Gear Review: REI Flex Lite Chair (Video)


Gear Review: REI FLex Lite Chair

For the first item of review this new year, I finally had the chance to sit down and review the REI Flex Lite chair. I was gifted this chair last year for my birthday and was excited to try it out. When I finished my European trip and mentioned I should have had a chair with me, I was specifically thinking about this chair. Let’s see what I think about it!

REI Flexlite Chair

REI Flexlite Chair

Specs

The chair measures 4.5” x 15” when it is folded up in its own travel bag. Unfolded, it is 26” x 20” x 20”. The poles are made out of lightweight aluminum similar to what you find in tents. In fact, the joints are held together with elastic ropes like tent poles which snap into place as the pieces are extended out. The chair weighs only 1 lb and 10 ounces. The seat itself is made out of ripstop nylon mesh. The weight capacity is 250 lbs, or 113 kilograms. It comes in 13 different color choices.

What I Like

Having a chair with me on tours has been one of those necessary luxury items. I am fine without one, but having one is so much more comfortable than sitting on the cold park benches or worse, on the dirty ground. This chair is compact enough for me to throw it in a pannier or strap it to my handlebar or rack on any type of trip.  Whether it’s an epic long tour or a short overnighter, it’s nice to have. Weighing only a smidge over a pound, this doesn’t really bog me down on any of my rides. I can see folks who are more sensitive about the weight complain that this is slightly lighter than the tent they are carrying. To me, some level of comfort is necessary when you’re traveling.

Having this chair has also been great to carry around not only when I’m traveling, but even outside of the travel or adventure mode. I would bring it with me in my backpack for a day out in the city parks. It is perfect for that spontaneous picnic or just chilling out at a friend’s backyard in the afternoon.

Sitting on my REI Flex Lite Chair

What I’m Not Happy About

The biggest detriment for this chair is the price point. At $72.50 it is way overpriced for what it is. I understand that it is made out of nothing but the best materials a lightweight, portable chair should be made out of, but it doesn’t seem to justify the price.  To stick the customers with such a high price tag, I don’t think you’re going to get that high of a response. I could be wrong, but these chairs weren’t selling out of stock when I went to the many REIs to check them out. Unless you’re like me and received this as a gift, this can be one expensive chair to own if you don’t use it.

The chair also sits a few inches off the ground so getting on and off of it after a long day on the saddle may not be the most comfortable thing. You have to be careful lowering yourself on to it as you can’t just plop yourself without possibly falling out of it. Be prepared to work out that core of yours.

Another annoying thing about this chair is that the 4 legs has the potential to sink into the ground if the ground is soft enough. This means taking it to the beach is out of the question as you won’t be able to stabilize the leg to allow you to sit on it. Luckily for me, that hasn’t been an issue as all the campgrounds I’ve been to have been hard packed.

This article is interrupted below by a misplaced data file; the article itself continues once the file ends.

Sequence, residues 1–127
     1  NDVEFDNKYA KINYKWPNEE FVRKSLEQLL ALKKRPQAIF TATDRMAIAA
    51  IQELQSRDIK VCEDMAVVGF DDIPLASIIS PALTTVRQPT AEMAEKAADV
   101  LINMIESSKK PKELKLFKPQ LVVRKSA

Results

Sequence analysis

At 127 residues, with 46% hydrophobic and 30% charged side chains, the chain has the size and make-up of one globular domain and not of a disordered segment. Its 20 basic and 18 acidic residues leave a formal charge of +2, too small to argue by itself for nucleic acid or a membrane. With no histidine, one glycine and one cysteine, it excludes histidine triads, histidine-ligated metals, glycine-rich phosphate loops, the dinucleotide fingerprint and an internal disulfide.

Other folks have complained about it being hard to assemble for certain colors. I have the Squash color and can say it was hard to assemble at first but once you figure out how to do it, it’s not bad at all. You do have to use some muscles to bend the poles into the nylon mesh pockets.

Look at my pack

Should You Get One

If you’re in the market for a chair on your tour, I can’t recommend anything better at this point but the price is just too high for me to say you absolutely need one for a bike tour. Save your money for a REI used gear sale to pick one up. I’ve also seen other knock offs in the market at a lower price point. I’ll have to check one out and see how it stacks up in a separate review.

If you’re not scared away by the price, you won’t regret having this little thing to carry on your next bike tour or bikepacking trip. Your friends will look at you with envy when you pull that thing out and relax near the campfire as they are sitting on a cold hard rock.

If you would like to pick one up for yourself, follow my affiliate link here to help me out. As with most reviews on this site, I am not sponsored by REI or any company. This is my own independent opinion. However, I am open to have any sponsor reviews if you need it. Just use the contact link in the menu above to inquire.

Disclosure of Material Connection: Some of the links in the post above are “affiliate links.” This means if you click on the link and purchase the item, I will receive an affiliate commission. Regardless, I only recommend products or services I use personally and believe will add value to my readers. I am disclosing this in accordance with the Federal Trade Commission’s 16 CFR, Part 255: “Guides Concerning the Use of Endorsements and Testimonials in Advertising.


About Johnny Lam

Johnny is an avid cyclist who enjoys bicycle touring as well as anything bicycle related. Johnny has traveled the entire Pacific Coast by bike from Vancouver to the border of California and Mexico. He's also toured through-out locations in Southern California. Johnny is also a League of American Bicyclists League Certified Instructor (LCI) and also completed the Adventure Cycling Association's Leadership Training Course (LTC). He is an active member in Los Angeles bicycling community being involved in organizations like the Los Angeles County Bicycling Coalition (LACBC), C.I.C.L.E. (Cyclists Inciting Change through Live Exchange), and Bike San Gabriel Valley (Bike SGV) by taking part in ride marshaling, pedestrian & bike counts, and other volunteering opportunities.

Leave a Reply